Pay Transparency. The Final Rule also requires contractors to provide workers with detailed wage statements every pay period, which must include: (1) total number of hours worked per pay period; (2) any overtime hours worked; (3) rate of pay; (4) gross pay; and (5) itemized additions to or deductions from gross pay. Contractors must also provide employees with written notice of their status as exempt or non-exempt from the overtime compensation requirements of the Fair Labor Standards Act. Workers treated as independent contractors must be notified, in writing, of this status.
Arbitration. In addition, the Final Rule prohibits pre-dispute arbitration agreements that cover claims arising under Title VII of the Civil Rights Act of 1964 or any tort related to or arising out of claims of sexual assault or harassment. These disputes may be arbitrated, but only by voluntary consent given after any such dispute arises.
Implementation Schedule. The Final Rule sets forth a “phased-in” reporting requirement as follows (and as summarized by DOL here):
- September 12, 2016: Preassessmentbegins, through which current or prospective contractors may come to DOL for a voluntary assessment of their labor compliance history, in anticipation of bids on future contracts but independent of any specific acquisition.
- October 25, 2016: Mandatory disclosure and assessment of labor law compliance begins for all prime contractors under consideration for contracts with a total value greater than or equal to $50 million. At first, the reporting disclosure period is limited to one (1) year and will gradually increase each year to a maximum disclosure period of three (3) years by October 25, 2018. Also, contractors and subcontractors whose contracts are valued at more than $1,000,000 are prohibited from requiring employees to sign pre-dispute arbitration clauses covering claims arising out of Title VII or claims for sexual assault or harassment.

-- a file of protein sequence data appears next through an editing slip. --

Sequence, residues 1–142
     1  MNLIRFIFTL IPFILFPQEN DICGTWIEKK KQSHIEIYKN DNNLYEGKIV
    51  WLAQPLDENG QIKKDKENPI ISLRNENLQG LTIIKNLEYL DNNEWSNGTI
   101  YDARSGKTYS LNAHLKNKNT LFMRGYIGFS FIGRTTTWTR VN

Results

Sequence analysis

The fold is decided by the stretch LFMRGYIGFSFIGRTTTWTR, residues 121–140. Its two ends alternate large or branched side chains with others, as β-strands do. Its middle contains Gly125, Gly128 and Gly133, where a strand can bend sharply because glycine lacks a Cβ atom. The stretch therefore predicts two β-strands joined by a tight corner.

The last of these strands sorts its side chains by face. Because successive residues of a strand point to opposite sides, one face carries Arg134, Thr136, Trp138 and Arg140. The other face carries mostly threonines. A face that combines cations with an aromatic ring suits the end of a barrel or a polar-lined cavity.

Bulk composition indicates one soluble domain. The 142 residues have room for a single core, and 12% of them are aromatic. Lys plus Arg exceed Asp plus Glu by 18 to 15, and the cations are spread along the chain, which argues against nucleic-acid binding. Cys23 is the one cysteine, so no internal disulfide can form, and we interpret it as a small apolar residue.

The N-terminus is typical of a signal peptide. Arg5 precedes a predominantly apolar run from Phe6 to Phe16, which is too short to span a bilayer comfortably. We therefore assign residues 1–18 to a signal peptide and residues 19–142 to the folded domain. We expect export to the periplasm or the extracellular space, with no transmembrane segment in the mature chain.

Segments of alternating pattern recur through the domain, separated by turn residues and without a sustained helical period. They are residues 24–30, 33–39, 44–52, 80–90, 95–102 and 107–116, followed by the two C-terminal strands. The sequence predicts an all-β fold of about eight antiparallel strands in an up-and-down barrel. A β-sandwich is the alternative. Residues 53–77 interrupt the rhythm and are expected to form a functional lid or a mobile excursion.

- January 1, 2017: The Paycheck Transparency clause takes effect, requiring contractors to provide wage statements, notice of overtime status, and notice of any independent contractor relationship to their covered workers.
- April 25, 2017: The total contract value threshold for prime contracts requiring disclosure and assessment of labor law compliance drops to $500,000.
- October 25, 2017: Mandatory assessment begins for all subcontractors under consideration for subcontracts with a total value greater than or equal to $500,000 (other than subcontracts for commercially available off-the-shelf items).
Action Items. Even with a phased-in implementation schedule, there is much to be done. For example:
- Current or prospective contractors should decide whether to participate in the DOL’s preassessment process. According to information provided by DOL (here), using the published Final Guidance, if a contractor that has been assessed by the DOL as responsible subsequently submits a bid, the contracting officer and the ALCA may use the DOL’s assessment that the contractor has a satisfactory record of labor law compliance unless additional labor law violations have been disclosed.
- Contractors (and subcontractors) should begin developing and implementing processes for capturing information required by the Final Rule.
- Existing arbitration agreements should be reviewed for compliance.
- Existing training and compliance programs should be reviewed and revised, as appropriate, or new programs developed. A well-educated workforce can help minimize the risk of violations that must be reported